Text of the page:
Related formsBo·he·mi·an·ism, nounpro-Bo·he·mi·an, adjective, nounpseu·do-Bo·he·mi·an, adjective, noun
Examples from the Web for bohemian
These bohemian joints were so uncompromising that they reminded Moss “you needed chutzpah to live in New York,” he says.The End of New York: How One Blog Tracks the Disappearance of a Vibrant City|Tim Teeman|August 6, 2014|DAILY BEAST
To honor the occasion, DVF presented a collection—or rather, a party—that was dubbed “Bohemian Rhapsody.”Fashion’s Most Powerful Women: Victoria Beckham & Diane von Furstenberg Show at New York Fashion Week|Erin Cunningham|February 10, 2014|DAILY BEAST
Will we see more of Jessa's bohemian style and no pants for Hannah?'Girls' Costume Designer Jenn Rogien Talks Season 3 Style|Erin Cunningham|January 12, 2014|DAILY BEAST
After World War II, the Village went through an enormous renaissance as the bohemian beatnik art place.Why Did Llewyn Davis’s Greenwich Village Disappear?|Andrew Romano|December 7, 2013|DAILY BEAST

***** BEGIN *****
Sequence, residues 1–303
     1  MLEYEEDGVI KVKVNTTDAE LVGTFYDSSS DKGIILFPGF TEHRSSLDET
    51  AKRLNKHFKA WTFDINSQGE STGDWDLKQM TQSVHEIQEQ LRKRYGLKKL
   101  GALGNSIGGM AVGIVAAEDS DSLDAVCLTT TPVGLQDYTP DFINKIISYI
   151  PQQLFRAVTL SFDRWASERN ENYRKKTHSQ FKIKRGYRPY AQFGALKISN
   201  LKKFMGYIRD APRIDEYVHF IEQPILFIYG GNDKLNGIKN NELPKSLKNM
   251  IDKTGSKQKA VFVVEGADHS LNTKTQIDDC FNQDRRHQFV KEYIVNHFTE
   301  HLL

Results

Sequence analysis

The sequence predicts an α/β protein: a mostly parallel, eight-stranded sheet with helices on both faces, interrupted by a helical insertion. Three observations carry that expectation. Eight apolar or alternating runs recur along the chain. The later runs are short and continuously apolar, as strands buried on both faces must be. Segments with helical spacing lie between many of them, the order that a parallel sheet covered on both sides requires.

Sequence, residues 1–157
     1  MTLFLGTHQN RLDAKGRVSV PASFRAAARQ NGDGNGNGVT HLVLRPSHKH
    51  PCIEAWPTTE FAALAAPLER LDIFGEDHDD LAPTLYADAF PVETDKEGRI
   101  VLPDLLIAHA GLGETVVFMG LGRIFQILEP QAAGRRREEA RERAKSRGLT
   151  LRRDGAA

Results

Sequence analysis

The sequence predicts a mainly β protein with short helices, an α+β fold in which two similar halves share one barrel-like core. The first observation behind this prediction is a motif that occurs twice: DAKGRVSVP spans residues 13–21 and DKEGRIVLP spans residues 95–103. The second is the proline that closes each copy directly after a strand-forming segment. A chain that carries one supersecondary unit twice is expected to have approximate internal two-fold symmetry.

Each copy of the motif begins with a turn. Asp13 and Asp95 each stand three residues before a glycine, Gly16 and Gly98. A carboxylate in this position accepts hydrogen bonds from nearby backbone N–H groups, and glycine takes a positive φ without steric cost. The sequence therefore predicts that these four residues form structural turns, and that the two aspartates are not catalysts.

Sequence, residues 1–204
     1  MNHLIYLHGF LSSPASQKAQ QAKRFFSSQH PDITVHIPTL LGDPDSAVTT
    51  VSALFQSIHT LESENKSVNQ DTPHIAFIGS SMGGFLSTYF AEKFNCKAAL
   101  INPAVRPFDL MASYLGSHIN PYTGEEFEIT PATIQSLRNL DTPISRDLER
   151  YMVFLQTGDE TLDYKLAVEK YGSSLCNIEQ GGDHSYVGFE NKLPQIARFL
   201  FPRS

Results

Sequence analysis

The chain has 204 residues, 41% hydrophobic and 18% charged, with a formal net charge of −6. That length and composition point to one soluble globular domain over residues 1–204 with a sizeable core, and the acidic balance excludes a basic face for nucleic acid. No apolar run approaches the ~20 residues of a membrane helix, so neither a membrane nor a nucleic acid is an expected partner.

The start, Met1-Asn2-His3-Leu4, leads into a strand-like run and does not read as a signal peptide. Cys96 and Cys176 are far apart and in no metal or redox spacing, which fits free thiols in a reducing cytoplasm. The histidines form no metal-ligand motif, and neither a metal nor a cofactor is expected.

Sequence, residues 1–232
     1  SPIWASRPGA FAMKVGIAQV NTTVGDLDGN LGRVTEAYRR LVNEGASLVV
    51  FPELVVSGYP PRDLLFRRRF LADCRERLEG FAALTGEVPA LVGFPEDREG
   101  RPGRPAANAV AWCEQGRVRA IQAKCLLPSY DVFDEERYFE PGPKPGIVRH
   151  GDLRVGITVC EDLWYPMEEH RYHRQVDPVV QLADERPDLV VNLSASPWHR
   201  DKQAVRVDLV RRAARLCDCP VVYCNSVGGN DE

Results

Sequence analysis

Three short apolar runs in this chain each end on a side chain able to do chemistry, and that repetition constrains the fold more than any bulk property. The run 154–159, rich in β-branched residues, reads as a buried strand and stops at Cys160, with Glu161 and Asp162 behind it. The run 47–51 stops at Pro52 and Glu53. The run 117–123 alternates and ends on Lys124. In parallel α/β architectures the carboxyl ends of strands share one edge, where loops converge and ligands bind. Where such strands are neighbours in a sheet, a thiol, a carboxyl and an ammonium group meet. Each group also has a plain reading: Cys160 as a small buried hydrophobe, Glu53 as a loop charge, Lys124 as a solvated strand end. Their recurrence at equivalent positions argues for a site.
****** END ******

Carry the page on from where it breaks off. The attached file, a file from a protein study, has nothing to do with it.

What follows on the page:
She became a professional sculptor and hung around with all sorts of famous Bohemian artists and writers.
He had no idea that the Bohemian Brethren had ever been an independent Church.History of the Moravian Church|J. E. Hutton
She was standing opposite me, pointing behind me and shouting something in Bohemian.My Antonia|Willa Cather
The Bohemian put his arm round her waist, she yielded, and their cheeks were touching.Parisians in the Country|Honore de Balzac
There is also something akin, in this Bohemian's former sentiment, to the wish our nursery children make while eating apples.A History of Nursery Rhymes|Percy B. Green
Charmian was troubled to decide what was truly Bohemian to eat, when they became hungry over their work.The Coast of Bohemia|William Dean Howells
British Dictionary definitions for bohemian
Culture definitions for bohemian
A descriptive term for a stereotypical way of life for artists and intellectuals. According to the stereotype (see also stereotype), bohemians live in material poverty because they prefer their art or their learning to lesser goods; they are also unconventional in habits and dress, and sometimes in morals.